Next week shareholders from Hewlett-Packard Co., and Compaq Computer Corp., will put an end to all the speculation and anticipation and decide the fate of the proposed merger of the two companies.
Months of letter writing, press releases and press conference between the two companies and dissident shareholders will come to a head with the decision ultimately falling to HP's, Palo Alto, Calif., and Houston based Compaq's respective shareholders.
Meanwhile, HP's namesake continues his campaign against the merger, claiming that a number of stockholders -- representing more than 18% HP's shares -- are opposed to the merger.
In a letter on the anti-merger website VotenoonHPCompaq.com, Walter B. Hewlett stated his belief that a merger with Compaq will significantly diminish the value of Hewlett-Packard stock.
"We strongly recommend that you vote against the proposed transaction. The future of Hewlett-Packard is in [the shareholders'] hands and we believe that future will be best served without the burden of acquiring and integrating Compaq," stated Hewlett.
The upper management of both companies has gone back and forth with Hewlett numerous times in the past few months by sticking to their proverbial guns and pressing on with the merger.
Compaq's board of directors stated that the merger is well worth the effort and that its employees, shareholders and customers will be better served in the long term.
The HP leadership has shuffled its top 20 shareholders to the forefront of the fray in support of the deal -- including Board Member, former chairman and retired executive vice president, Computer Products Organization, Richard A. Hackborn.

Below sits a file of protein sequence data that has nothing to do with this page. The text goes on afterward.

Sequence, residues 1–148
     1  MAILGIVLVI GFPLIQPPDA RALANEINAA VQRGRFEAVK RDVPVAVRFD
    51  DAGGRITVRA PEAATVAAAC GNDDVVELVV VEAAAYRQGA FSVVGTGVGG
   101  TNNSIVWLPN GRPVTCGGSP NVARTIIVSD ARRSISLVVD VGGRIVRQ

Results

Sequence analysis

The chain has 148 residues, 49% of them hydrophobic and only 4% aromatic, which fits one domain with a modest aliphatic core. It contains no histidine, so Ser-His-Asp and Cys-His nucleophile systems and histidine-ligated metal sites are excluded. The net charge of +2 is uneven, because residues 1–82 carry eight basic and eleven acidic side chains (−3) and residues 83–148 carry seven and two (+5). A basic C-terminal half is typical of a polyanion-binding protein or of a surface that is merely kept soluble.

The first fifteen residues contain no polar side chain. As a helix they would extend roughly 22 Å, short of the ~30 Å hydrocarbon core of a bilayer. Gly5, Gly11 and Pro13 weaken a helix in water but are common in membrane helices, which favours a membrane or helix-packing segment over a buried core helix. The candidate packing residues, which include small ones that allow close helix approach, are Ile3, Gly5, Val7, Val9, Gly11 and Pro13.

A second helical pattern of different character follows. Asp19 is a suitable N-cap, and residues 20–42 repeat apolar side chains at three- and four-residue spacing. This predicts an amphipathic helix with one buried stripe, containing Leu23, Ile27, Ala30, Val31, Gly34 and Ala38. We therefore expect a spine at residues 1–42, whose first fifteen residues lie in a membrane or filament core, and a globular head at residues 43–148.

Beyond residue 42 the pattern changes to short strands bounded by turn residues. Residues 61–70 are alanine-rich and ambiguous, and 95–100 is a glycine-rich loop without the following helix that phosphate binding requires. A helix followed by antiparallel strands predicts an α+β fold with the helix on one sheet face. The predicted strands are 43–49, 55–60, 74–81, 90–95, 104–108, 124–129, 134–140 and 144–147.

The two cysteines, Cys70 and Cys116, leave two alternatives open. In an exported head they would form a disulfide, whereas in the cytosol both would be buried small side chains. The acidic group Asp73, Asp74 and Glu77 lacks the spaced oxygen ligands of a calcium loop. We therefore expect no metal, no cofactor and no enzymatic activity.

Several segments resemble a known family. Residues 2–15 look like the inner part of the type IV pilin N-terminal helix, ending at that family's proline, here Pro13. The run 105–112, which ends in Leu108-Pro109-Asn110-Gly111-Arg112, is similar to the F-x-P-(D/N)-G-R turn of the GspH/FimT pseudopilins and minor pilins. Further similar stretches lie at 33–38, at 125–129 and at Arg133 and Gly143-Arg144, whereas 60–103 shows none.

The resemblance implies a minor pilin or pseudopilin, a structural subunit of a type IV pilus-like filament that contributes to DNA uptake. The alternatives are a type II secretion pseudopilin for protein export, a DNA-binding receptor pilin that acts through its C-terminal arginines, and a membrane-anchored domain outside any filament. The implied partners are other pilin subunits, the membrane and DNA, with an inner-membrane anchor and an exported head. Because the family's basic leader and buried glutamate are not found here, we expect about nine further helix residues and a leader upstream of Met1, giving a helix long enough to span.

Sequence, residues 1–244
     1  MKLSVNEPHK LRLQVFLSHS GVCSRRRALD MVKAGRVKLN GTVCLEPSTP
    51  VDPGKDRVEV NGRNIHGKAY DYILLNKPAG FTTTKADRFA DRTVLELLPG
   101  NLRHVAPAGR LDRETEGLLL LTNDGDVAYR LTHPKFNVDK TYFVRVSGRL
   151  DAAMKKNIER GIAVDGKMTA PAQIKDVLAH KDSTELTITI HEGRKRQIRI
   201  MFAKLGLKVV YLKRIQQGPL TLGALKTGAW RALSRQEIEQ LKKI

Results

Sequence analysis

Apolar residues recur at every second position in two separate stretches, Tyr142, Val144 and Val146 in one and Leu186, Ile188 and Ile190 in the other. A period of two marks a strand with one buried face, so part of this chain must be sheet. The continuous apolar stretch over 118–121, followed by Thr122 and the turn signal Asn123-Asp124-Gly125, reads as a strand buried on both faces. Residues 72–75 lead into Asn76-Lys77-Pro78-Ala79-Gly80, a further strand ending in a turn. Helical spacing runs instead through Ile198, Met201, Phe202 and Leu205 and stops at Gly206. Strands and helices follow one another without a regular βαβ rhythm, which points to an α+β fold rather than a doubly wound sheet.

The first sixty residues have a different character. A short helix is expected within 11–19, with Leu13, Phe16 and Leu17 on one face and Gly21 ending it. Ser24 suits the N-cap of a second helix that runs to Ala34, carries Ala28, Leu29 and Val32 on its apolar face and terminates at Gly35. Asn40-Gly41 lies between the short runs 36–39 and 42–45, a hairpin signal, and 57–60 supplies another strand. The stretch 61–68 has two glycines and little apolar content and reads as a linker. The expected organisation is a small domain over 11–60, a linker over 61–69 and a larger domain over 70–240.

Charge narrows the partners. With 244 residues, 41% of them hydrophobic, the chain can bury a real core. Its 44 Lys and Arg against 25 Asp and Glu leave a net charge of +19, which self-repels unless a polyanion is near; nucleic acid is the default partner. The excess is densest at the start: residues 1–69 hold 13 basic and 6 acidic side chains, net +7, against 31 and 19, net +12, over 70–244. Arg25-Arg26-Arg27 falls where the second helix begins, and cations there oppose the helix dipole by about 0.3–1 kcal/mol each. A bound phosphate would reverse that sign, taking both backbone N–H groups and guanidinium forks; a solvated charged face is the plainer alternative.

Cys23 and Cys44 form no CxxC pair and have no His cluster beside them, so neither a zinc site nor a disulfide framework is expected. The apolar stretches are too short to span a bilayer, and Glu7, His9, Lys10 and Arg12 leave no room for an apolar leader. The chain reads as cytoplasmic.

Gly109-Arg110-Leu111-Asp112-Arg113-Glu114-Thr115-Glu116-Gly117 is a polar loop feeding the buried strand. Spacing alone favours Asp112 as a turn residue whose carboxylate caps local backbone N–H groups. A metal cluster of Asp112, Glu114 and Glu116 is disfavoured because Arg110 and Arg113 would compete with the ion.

In a letter to HP shareholders on Monday, Hackborn said a rejection of the merger would bode well for competitors and not for HP.
You can vote for the merger with Compaq, and preserve the legacy so many of us worked so hard to build, he wrote. Or you can vote against a thorough and deliberative process, and send us back to the drawing board. Either way, you can be sure of one thing: our competitors are not going to wait around for us to decide, stated Hackborn.
With a green light from the Federal Trade Commission and a nod from industry advisory firm Institutional Shareholder Services Inc., in hand, CEOs Carly Fiorina and Michael Capellas are hoping the best laid plans of Compaq's and HP's management will be given the go-ahead.
According to the latest SearchStorage poll, in which respondents were asked how they would vote if they were shareholders, 52% of respondents said they would vote no on the merger, while 42% would give it a go-ahead; 6% were undecided.
HP's shareholders will vote on March --> , and Compaq's vote will take place the following day, March 20.Let us know what you think about the story, e-mail Kevin Komiega, assistant news editor
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